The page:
In an era where 79% of us have social media accounts—where we share everything from what we’ve eaten for breakfast, to pictures of our dogs, to major life changes—it seems only natural that we would share facts relating to a divorce. The angrier you are, the more you may feel the need to post about all of the awful things that your ex has done. Resist the temptation. Let’s talk about a few social media mistakes that people commonly make during divorce and explain why it’s so important to avoid them.
(Don’t go) Trashing Your Ex
If you feel you must post something, focus on what you’re doing and not what your ex has done. Don’t risk exposing your kids, your business associates, and your relatives to all your or your spouse’s dirty laundry. Don’t force your friends into feeling like they must be involved and take sides in the divorce. Also, realize that all of that information will get back to your ex, and your ex’s lawyer. You don’t want to give them ammo for your divorce litigation.
(Don’t go) Venting about How Horrible They are, or Terrible You Feel
Given the impact a divorce may have on one’s financial circumstance, people may end up changing jobs after a divorce. Your social media conduct during the divorce may follow you during this move: Penn State researchers recently found that 80% of employers look at applicants’ social media posts when making hiring decisions. And 60% of employers say that they are less likely to hire someone whose posts come off as negative or self-absorbed.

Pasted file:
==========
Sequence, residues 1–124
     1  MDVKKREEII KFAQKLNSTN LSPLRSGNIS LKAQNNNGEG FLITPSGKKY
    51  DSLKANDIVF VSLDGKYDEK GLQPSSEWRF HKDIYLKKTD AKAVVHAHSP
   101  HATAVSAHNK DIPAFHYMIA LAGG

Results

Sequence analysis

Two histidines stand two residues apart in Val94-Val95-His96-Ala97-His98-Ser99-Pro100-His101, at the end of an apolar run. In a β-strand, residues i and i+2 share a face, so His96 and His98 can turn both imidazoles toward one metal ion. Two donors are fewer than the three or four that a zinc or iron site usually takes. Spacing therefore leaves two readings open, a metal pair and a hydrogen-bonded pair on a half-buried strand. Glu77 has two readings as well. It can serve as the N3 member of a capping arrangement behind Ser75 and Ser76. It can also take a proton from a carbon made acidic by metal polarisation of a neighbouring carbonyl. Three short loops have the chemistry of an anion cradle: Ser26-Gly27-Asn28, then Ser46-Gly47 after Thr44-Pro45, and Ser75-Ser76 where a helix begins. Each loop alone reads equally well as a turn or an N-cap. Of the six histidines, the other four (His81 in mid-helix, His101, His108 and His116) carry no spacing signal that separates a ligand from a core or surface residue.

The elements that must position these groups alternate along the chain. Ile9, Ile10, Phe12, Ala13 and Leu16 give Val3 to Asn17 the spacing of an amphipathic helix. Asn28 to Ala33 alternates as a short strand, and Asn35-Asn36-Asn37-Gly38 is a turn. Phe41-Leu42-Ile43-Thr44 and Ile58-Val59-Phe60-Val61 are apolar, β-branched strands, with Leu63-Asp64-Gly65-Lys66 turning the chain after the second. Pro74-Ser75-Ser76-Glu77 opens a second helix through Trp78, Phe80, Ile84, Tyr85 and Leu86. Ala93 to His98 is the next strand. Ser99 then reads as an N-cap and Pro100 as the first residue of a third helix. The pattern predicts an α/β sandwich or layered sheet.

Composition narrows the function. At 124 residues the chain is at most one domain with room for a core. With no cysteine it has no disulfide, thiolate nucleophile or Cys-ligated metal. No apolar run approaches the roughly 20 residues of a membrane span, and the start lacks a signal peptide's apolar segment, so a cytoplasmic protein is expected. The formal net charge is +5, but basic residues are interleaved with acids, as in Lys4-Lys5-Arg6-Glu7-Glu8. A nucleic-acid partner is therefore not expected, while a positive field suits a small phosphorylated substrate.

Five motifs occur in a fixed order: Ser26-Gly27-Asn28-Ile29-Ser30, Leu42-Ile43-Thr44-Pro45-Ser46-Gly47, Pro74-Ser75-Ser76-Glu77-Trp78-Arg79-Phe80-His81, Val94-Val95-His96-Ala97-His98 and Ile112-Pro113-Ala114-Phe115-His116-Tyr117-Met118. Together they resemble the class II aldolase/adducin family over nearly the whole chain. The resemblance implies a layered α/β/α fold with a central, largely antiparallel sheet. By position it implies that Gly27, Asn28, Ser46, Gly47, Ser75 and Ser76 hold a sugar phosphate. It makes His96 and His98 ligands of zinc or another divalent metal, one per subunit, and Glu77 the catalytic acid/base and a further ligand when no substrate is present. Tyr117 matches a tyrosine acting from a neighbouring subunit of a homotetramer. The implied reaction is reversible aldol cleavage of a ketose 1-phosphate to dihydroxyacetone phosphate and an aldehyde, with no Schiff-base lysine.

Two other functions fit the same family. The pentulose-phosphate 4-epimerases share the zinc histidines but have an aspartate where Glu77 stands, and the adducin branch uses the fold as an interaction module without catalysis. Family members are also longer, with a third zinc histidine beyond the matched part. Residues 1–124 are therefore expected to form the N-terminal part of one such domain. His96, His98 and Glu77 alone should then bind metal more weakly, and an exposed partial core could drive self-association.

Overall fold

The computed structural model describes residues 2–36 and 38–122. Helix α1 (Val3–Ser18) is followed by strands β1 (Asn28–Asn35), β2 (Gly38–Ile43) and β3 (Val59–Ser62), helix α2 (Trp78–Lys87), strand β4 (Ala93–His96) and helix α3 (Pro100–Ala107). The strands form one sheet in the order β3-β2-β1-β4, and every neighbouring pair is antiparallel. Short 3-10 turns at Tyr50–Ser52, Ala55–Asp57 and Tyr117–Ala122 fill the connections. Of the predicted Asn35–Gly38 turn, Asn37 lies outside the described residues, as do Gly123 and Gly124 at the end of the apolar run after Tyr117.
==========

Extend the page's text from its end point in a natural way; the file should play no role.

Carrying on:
(Don’t go) Advertising Your Great New Life
You may want to show everyone how great your new life is, now that you’re getting divorced—new haircut, new house, new wardrobe, and so on. Maybe you’ve finally taken that bucket list trip to the Bahamas. However, avoid sharing information that could be interpreted to mean you’re in a great place, financially. This could be used against you during in a divorce proceeding.
(Don’t go) Spending A Lot of Time Online
Studies show that most people carefully curate social media posts to give everyone an artificially positive view of their lives. However, they don’t realize most people’s feeds are just as distorted as theirs. So the more time people spend online, the worse they feel about their own lives. Rather than wasting time seeing these rose-colored versions of other people’s lives, limit your time online. Focus on doing things to take care of yourself to make your life better in the real world.
A divorce impacts every aspect of your life. It’s never just changing your relationship status from “married” to “single.” For much of this process, your status will likely be “it’s complicated.” Try keeping the complication to yourselfs; it may make them less complicated.